To say the mediator mailed this one in would imply a little effort. It was more like he did this one from the couch with a bag of chips in one hand and a remote control in the other. The session started late and ended early. At least for the online business’ side, he barely asked any questions and refused to look at evidence. He mentioned multiple times that he had somewhere else to be and did not issue a decision that day. In fact, his decision came two days later and was just a number – one that benefitted the ad agency and virtually ignored the side of the business owner.

That business owner happens to be my wife. The ad agency is a former collaborator, with an owner who chose to napalm his relationship with our firm. The mediator is one I used to respect, before seeing him in “action.” Cutting through the emotions of the situation, I remember a pledge Don and I made when we started our firm. We don’t know everything. We won’t do everything. Sometimes, when it’s really best for a potential client, we will say “no.” If only that had happened in either case in this story, it could have prevented a lot of pain and a lot of money lost.

If You Don’t Communicate A Difference, You’re Wasting Your Money

May 12th, 2014 by Matt Friedman

125When you work in the communications business, you can’t consume media like a “normal person.” As case in point, take my most recent experience reading a local business magazine. Yes, I read it for the articles but I also couldn’t help spending time looking at the ads. Many of them, all full-page and in full-color, were placed by professional service firms, a business sector Don and I have both worked with for our entire PR careers.

While advertising is not our core business, paid ads should communicate the same brand core that should be extended over all communications platforms. Ads, particularly business-to-business ads should, in a compelling and succinct way, somehow communicate who you are, what you do and, most importantly, how you’re different. When your company is paying top dollar for space that reaches a target audience, it’s imperative that time and energy be spent in the right ways to take advantage of the communications opportunity. Instead, what I found was a lot of wasted money. Here’s a short take on each of the professional services ads in this issue:

-The ad on the inside front cover prominently features a stock image of a woman (presumably a client?), rather than the people the law firm says are its strength. It uses the we’ve-heard-it-before phrase “from the boardroom to the courtroom” and describes the law firm as “fearless” (as opposed to all of the timid litigators you see out there).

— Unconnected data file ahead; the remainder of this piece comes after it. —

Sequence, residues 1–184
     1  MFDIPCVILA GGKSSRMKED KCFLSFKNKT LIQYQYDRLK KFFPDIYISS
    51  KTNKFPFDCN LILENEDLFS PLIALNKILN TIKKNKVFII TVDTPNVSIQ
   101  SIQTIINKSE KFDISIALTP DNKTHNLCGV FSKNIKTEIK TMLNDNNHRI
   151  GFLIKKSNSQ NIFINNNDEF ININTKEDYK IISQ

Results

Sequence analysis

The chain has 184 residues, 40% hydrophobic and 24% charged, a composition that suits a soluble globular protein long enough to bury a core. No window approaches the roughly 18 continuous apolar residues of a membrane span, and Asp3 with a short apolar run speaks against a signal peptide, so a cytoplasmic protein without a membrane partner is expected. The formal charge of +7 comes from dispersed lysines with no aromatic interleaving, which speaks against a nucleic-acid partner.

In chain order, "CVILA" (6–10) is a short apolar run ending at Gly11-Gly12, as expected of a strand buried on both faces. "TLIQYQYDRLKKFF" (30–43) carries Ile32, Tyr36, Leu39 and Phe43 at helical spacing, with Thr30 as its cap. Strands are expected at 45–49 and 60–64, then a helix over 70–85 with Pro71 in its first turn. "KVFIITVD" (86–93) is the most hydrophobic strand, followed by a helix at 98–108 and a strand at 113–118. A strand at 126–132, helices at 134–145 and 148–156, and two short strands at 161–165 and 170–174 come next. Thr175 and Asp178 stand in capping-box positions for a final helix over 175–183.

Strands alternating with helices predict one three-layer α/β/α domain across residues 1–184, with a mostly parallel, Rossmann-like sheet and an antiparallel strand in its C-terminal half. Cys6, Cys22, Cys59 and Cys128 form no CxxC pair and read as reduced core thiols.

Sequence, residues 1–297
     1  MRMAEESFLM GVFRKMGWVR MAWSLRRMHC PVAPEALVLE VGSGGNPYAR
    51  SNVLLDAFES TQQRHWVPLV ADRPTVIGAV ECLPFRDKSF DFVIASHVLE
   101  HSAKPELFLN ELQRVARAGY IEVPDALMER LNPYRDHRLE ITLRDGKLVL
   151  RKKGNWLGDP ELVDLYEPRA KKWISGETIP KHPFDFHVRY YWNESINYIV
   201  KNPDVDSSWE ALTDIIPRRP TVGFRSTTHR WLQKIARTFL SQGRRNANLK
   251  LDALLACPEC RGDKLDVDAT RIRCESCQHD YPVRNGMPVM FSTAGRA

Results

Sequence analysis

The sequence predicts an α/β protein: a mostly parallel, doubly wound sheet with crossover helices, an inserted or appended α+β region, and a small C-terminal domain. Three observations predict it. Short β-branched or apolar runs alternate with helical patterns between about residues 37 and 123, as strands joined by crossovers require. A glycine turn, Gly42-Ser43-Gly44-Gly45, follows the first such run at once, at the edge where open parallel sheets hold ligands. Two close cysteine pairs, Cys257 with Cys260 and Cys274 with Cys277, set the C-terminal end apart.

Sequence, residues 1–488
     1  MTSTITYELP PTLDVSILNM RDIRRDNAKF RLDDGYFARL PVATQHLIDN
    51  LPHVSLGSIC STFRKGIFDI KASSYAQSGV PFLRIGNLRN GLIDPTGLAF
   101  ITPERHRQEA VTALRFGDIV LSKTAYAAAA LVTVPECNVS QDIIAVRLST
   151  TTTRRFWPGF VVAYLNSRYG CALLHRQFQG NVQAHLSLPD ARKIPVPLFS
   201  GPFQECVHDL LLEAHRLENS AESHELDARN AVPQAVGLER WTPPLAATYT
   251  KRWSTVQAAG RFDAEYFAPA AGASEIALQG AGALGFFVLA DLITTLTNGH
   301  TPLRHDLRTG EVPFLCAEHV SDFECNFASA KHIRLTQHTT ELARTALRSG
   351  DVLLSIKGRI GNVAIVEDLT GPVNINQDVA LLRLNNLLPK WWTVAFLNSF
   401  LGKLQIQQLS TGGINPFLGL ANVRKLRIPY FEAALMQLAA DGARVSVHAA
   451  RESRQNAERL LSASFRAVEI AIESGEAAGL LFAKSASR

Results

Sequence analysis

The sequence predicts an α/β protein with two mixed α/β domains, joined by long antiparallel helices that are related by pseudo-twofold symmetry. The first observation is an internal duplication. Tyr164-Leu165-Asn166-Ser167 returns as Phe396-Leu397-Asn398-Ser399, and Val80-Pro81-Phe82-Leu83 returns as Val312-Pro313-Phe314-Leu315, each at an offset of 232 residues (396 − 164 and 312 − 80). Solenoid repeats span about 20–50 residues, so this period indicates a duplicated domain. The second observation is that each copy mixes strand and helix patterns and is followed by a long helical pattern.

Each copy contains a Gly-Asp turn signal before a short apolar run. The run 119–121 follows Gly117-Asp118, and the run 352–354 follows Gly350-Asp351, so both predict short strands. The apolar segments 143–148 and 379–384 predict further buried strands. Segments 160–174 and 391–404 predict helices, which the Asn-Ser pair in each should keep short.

-Two pages later is an ad for a firm that does litigation support “in either the boardroom or the court room” in text on top of courthouse columns, another well-worn cliche.

-A few more pages in is a law firm ad featuring a stock image of four lamps, with one shining toward the reader. I found this on Google images in one click while searching “different.” Even though this is a local ad, the firm couldn’t even spend a few extra dollars to have its designer put Michigan first in the list of states where it has offices.

-A few pages later there is an ad for a law firm that touts its 160 years in business and its “deep bench” (over an image of a baseball team in a dugout). At least those are points of difference amid stock photography. But below, there are three long paragraphs of copy that only a lawyer with a taste for text could love.

-A few pages later runs an ad for “tough” corporate trial lawyers with an image of a coat and tie wearing torso with boxing gloves on each hand. It touts experience and service. Are those real points of difference, especially with the boxing glove image, used by a personal injury attorney in billboards across Detroit? Michigan is listed third in the states where they have offices in this local-only placement.

There are reasons why this can happen with professional service firms. Because they are often run by committee, “groupthink” can prevail with the winning strategy appealing to the room’s lowest common denominator. That helps explain spending thousands of dollars on placement but maybe hundreds on stock, cliched creative work. Also, these firms are often run by professionals whose expertise in their own field creates ego can trump any professional marketing counsel.

Whatever your business, it’s important to remember not to say the same old thing in the same old ways. Dig deep, spend the money, develop your brand and communicate why someone should really choose you over anyone else.